Creating New Entity Classes from a Database - 06

Select the ‘Fully Qualified Database Table Names’ Option

Click finished. You have successfully created the SQL Server data source and entity classes.

The data source we created, which will be deployed to GlassFish, is referred to as a JDBC Resource and a JDBC Connection Pool. This JDBC information is stored in the ‘glassfish-resources.xml’ file by NetBeans.

New Glassfish JDBC Connection Pool and Resource - Source (glassfish-resources.xml)

New GlassFish JDBC Connection Pool and JDBC Resource Contained in the glassfish-resources.xml File

The JPA Persistence Unit is found in the ‘persistence.xml’ file in the ‘Configuration Files’ folder. This file describes the Persistence Unit (PU). The PU serves to register the project’s four persistable entity classes, which are referred to by JPA as managed classes.

JPA Configuration - Design View (persistence.xml)

persistence.xml Design View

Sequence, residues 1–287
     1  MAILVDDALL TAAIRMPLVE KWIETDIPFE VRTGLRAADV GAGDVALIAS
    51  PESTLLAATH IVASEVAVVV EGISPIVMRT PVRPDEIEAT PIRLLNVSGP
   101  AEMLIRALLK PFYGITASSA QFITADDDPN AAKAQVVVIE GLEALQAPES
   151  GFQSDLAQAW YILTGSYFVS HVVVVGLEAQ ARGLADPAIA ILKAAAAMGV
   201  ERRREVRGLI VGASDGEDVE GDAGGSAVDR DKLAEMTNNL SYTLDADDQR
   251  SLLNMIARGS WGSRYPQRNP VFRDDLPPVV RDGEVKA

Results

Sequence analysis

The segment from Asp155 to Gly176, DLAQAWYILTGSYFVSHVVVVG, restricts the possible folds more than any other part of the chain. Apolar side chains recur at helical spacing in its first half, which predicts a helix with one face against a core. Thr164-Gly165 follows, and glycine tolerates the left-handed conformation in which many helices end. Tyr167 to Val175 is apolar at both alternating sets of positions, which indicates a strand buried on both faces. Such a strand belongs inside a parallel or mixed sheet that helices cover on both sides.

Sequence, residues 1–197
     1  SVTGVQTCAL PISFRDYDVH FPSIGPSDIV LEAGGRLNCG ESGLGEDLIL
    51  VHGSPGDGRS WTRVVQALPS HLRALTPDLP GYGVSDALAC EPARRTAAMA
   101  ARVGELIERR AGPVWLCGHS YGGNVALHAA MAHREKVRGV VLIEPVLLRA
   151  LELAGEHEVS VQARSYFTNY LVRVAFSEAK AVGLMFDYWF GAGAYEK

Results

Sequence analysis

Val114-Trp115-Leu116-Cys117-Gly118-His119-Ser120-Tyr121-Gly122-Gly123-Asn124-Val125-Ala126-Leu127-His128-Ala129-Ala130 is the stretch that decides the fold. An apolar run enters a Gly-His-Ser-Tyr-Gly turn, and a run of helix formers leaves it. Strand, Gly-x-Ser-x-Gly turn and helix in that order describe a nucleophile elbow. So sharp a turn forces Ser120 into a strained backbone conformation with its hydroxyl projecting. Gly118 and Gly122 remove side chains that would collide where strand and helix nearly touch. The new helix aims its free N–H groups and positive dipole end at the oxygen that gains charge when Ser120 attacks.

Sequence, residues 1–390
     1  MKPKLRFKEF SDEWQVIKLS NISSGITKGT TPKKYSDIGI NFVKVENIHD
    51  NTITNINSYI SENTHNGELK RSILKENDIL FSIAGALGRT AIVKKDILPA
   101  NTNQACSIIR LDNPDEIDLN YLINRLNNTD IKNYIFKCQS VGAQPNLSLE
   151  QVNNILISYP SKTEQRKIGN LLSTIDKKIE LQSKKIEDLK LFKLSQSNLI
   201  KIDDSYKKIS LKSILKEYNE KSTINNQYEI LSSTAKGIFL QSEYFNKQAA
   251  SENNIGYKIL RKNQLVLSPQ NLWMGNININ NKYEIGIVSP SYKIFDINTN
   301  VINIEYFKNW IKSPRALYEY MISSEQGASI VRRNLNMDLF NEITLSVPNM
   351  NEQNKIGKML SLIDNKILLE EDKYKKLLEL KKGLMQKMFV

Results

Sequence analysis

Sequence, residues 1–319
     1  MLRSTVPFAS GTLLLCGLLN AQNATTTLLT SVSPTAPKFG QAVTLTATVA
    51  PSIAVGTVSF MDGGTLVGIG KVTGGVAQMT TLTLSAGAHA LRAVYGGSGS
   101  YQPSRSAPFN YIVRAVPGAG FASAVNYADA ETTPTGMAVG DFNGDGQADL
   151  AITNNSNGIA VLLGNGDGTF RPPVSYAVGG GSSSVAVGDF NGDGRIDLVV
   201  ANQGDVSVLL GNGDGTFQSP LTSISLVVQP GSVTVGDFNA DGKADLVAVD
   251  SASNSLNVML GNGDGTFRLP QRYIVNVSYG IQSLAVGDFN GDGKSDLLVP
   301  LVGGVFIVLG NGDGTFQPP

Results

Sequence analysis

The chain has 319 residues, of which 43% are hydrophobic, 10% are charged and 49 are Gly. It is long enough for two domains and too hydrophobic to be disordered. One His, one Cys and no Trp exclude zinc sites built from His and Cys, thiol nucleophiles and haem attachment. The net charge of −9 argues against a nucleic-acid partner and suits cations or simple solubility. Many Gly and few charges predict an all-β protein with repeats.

JPA Configuration - Source (persistence.xml)

persistence.xml Source View

RESTful Web Services from Entity Classes

Now that have a SQL Server Data Source and our entity classes, we will create the RESTful web services. Right-click on the project and select ‘New’ -> ‘Other…’ -> ‘Persistence’ -> ‘RESTful Web Services from ‘Entity Classes’. You will see a list of four entity classes we just created, from which to choose. Add all four entity classes.

Creating New RESTful Web Service from Entity Classes - 01

Creating the New RESTful Web Service from Four Entity Classes

Creating New RESTful Web Service from Entity Classes - 02

Add the Four Entity Classes